Apart from the leaks themselves, Edward Snowden has revealed how the US government imposes confidentiality in the performance of spying on us.
Edward Snowden has given up nearly everything in his former pleasant life; so that we could know at least some of the way in which the US government is gathering information on us.
So, what will become of him, well, it’s doubtless that they will kill him, even though the current government has determined that it’s okay to kill US nationals unaccompanied by trial as long as they cite national self-defence, but Edward Snowden will front persistent pursuit and prosecution, for the foreseeable time ahead.
Edward Snowden is one of a long line of whistleblowers, notifying the US public about the NSA’s capabilities. The NSA has an unlimited hunger for scrutiny and, has come predominately unmoored from any notable omissions or boundaries, but it’s Edward Snowden’s disclosure that appears to have kicked off an important and extensive discussion about the suitable boundaries of the US government’s ability to surveillance its inhabitants.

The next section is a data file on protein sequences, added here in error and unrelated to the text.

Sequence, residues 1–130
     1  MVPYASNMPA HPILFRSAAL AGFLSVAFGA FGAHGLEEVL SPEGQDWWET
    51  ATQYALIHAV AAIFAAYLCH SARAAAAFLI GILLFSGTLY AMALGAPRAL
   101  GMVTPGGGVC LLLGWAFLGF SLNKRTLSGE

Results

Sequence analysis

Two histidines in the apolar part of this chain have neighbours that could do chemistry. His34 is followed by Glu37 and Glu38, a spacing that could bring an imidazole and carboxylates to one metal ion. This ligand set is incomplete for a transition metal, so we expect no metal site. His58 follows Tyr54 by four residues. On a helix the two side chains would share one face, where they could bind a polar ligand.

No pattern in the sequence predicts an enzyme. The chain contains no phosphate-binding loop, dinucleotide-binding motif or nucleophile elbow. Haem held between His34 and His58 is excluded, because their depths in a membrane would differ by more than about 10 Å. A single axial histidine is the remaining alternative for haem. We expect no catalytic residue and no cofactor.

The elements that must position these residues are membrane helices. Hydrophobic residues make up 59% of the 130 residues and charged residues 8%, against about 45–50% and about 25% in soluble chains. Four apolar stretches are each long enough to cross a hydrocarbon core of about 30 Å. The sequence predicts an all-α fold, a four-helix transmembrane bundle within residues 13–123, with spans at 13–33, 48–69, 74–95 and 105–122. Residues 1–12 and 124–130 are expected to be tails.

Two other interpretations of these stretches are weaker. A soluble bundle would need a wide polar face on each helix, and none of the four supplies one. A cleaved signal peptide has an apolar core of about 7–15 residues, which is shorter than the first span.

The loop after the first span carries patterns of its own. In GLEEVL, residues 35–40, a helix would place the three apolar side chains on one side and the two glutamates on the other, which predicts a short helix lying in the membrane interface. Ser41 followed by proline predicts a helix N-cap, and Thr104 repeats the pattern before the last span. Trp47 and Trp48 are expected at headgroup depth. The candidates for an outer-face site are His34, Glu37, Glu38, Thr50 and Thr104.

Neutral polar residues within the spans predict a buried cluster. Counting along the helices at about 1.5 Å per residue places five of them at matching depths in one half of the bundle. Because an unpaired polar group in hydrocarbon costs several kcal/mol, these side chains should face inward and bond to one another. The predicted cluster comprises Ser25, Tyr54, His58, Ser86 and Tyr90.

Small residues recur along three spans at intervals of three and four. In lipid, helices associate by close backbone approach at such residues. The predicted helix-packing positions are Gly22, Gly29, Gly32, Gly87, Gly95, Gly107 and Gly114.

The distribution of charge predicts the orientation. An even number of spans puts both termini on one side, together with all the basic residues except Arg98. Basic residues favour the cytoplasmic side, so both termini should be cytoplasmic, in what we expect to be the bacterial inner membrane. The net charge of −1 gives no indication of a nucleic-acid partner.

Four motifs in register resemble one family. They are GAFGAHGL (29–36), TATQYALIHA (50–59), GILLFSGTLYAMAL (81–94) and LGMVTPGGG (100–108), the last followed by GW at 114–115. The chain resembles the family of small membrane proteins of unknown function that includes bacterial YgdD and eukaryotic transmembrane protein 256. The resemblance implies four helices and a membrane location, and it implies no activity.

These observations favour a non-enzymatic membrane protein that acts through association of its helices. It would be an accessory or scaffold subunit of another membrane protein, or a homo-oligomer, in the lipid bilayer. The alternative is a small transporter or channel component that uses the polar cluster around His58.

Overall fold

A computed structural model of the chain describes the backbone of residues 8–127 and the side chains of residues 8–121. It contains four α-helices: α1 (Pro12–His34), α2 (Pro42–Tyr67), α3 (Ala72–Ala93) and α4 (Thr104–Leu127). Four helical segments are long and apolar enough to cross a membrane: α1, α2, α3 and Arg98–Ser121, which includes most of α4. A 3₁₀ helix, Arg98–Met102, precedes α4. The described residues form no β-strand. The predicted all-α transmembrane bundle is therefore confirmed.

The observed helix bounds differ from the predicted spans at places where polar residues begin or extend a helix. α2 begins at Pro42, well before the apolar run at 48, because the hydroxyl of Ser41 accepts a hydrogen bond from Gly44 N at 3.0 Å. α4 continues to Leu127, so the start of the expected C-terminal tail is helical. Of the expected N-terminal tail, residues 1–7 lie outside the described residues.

What is it about Edward Snowden’s revelation that is so distinctive? It’s not the contents of the leak itself, for the details that Edward Snowden disclosed is reasonably small.
What made Edward Snowden’s revelation different and, exciting, was its uniqueness. By notifying the public, through the newspaper, of a particular program and, its widely used commercial targets like Facebook and Google, he has established that the security state that lives inside the United States continues to grow.
The spread of information from WikiLeaks and, the cyberpunk collective Anonymous has revealed that anonymity can be a powerful implement in going against government confidentiality.
Nevertheless, Snowden was aware, given his familiarity with the work of his past employers, that after disclosing the Prism document, he would be able to run, but not hide, but he did it anyhow.